Insert Rude Gesture


I don't mind dancing open embrace. I don't even mind being led nuevo moves if there's room on the floor (despite my boleo-bashing rants I occasionally post.) There are a few leaders I dance with on a regular basis that dance only open embrace and I enjoy dancing with them.

What I do mind is being told that I enjoy close embrace/estilo milonguero/apilado because:

1.) it's easier than open embrace/nuevo,
2.) I don't have to be on the music (wtf?)
3.) I don't have to support my own weight,
4.) or maintain my balance/axis,
5.) because I'm (with the rest of apilado dancers in particular) lazy. (double wtf??)

I also don't agree that I should like open embrace/nuevo because it "exposes all your mistakes and makes you a better dancer."


PS - I did try to come up with a classier title than "Insert Rude Gesture" but since the first working title was "Bite Me", I figured that was improvement enough.


Anonymous said...

Hilarious! I've had this conversation too. And I think you should have kept the original title :-)

Robert Withers said...

I find almost unbelievable some of the horror stories I hear about leaders. And the comments they make. But I suspect they're all true.

Anonymous said...

been there- heard that- sometimes to my face...

If people took the time to understand the technical differences between open and TRUE close embrace (not sort-of-close-standing-next-to each-other-close that I generally treat like open in posture styling), then we'd all be a lot happier and more understanding of each other that there are different muscles being trained in each case, with their own set of problems and needs.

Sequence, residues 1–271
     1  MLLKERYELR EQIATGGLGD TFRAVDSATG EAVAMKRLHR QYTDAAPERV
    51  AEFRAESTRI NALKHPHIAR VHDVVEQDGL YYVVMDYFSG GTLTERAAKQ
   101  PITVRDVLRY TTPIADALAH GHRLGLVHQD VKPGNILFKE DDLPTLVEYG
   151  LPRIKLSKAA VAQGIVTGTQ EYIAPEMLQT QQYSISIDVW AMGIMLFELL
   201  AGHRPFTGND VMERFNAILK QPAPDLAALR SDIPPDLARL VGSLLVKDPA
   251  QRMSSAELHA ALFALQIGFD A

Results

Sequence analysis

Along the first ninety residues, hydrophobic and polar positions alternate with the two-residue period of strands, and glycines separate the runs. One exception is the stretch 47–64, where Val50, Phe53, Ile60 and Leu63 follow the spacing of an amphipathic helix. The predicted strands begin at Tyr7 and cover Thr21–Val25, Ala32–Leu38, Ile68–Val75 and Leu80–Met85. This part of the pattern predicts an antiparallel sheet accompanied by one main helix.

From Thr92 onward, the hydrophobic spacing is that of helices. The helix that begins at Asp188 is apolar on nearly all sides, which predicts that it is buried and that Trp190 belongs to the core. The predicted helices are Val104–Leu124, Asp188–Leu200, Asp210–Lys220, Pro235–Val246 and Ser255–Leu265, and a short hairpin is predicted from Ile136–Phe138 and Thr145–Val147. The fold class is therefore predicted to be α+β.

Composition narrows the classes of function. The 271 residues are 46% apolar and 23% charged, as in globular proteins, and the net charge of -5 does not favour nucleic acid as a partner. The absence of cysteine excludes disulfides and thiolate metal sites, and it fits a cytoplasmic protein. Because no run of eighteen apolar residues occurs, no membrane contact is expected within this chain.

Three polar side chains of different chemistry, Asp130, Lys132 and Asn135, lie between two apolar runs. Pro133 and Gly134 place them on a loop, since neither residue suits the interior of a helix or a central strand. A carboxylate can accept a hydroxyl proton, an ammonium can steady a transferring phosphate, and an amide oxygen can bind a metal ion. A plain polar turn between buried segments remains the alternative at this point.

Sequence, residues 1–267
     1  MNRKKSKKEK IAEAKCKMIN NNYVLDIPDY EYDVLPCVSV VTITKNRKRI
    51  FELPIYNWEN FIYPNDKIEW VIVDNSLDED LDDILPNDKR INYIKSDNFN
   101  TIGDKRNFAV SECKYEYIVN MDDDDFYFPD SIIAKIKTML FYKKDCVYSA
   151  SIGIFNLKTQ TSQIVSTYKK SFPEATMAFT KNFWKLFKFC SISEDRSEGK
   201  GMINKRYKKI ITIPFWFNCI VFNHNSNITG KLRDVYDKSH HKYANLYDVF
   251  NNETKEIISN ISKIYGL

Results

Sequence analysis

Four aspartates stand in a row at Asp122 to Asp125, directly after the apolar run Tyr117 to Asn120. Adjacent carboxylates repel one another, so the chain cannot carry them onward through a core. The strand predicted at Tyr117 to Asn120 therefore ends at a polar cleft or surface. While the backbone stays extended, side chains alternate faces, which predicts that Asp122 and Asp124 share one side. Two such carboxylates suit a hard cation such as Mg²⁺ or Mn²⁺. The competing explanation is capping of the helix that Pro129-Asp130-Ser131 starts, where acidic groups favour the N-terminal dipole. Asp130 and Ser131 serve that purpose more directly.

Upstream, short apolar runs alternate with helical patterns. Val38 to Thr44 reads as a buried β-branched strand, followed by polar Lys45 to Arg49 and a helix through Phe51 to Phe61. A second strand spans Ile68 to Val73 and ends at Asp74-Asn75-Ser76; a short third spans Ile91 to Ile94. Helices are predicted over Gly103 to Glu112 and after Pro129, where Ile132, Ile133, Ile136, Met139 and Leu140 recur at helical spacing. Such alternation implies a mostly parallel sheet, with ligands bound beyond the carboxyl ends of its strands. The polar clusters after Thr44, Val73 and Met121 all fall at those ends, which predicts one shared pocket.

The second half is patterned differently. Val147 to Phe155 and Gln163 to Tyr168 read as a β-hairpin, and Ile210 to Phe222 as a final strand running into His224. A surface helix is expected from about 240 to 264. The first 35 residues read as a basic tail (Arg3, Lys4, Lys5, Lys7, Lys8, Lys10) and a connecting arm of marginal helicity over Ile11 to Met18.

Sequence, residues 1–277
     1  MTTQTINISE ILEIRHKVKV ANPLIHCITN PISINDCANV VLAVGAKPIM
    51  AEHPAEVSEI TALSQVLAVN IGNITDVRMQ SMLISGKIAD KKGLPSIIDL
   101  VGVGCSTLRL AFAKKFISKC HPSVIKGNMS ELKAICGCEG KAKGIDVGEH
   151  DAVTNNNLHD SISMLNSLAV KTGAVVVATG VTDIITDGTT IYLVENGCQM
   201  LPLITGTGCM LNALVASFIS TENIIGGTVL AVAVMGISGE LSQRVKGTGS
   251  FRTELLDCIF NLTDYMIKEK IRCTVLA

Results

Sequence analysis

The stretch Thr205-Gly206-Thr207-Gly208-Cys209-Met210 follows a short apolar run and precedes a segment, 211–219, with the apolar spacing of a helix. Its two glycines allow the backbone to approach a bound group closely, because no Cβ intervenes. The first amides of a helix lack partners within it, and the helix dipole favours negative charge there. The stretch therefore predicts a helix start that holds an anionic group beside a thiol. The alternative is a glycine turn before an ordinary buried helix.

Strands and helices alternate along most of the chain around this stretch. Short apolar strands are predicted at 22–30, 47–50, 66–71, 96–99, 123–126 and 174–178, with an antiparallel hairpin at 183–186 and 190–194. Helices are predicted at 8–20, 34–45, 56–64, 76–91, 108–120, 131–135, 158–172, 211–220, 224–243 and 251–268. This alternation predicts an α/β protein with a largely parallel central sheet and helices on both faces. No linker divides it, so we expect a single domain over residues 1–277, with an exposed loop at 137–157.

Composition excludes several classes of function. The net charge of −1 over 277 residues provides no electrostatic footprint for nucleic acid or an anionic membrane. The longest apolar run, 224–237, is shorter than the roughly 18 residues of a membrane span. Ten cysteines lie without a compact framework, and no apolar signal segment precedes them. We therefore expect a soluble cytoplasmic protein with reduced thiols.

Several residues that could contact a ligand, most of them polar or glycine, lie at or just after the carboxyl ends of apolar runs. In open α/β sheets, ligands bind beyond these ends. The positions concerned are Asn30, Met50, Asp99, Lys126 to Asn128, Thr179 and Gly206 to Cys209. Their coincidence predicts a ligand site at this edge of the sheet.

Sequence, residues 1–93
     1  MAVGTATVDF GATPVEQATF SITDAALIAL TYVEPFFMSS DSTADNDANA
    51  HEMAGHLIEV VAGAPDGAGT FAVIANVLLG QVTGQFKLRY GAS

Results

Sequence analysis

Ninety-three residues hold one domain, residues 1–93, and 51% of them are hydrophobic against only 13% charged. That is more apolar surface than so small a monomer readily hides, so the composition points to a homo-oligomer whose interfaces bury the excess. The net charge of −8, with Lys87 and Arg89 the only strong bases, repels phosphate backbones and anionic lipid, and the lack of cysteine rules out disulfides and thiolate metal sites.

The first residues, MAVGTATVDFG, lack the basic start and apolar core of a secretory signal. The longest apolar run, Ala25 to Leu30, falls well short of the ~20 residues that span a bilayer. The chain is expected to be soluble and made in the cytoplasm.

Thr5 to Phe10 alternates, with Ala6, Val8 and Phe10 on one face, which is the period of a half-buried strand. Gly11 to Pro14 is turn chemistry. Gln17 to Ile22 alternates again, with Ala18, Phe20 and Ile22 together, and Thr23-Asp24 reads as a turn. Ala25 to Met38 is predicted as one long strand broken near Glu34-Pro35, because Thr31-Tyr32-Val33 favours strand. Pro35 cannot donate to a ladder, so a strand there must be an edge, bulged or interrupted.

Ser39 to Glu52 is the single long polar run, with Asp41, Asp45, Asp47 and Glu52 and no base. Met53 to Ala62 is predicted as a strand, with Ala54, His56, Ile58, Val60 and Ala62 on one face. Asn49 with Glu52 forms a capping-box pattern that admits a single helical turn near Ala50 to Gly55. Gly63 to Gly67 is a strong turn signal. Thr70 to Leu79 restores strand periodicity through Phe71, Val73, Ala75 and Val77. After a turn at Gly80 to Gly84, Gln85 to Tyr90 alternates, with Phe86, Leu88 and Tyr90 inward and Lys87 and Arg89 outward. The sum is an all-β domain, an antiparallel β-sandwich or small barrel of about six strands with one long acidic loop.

I respect and enjoy open. It's a different set of posture skills for me than close.

I enjoy close. It's a different set of posture skills than open.

Grounding and using the core remains the same in both. Weight placement is different.

End of story.


Anonymous said...

I think if people would just get a little more training and understand that open embrace and close embrace (the real close embrace not the almost-closed-but-not-quite-closed that I tend to treat as a close open) use different posture skills then we would all be much happier and more understanding of each other.

I like and respect open embrace. It uses a different set of posture skill than close embrace.

I like close embrace. It uses a differnt set of posture techniques than open.

People should learn and understand both.

End of story.


Anonymous said...

oh the joy of the double/lost post!


tangocherie said...

For what it's worth, it's easier to learn open "hold" (because it damn sure isn't an embrace) than close, apilado, milonguero, or whatever you want to call it. If one learns close first, there are fewer problems moving to dancing open.
However, the opposite isn't true. Moving to milonguero style after learning, let's say nuevo, is really really difficult for most people.

Especially "anglo-saxons" have issues with moving so physically close to those of the opposite sex who aren't lovers.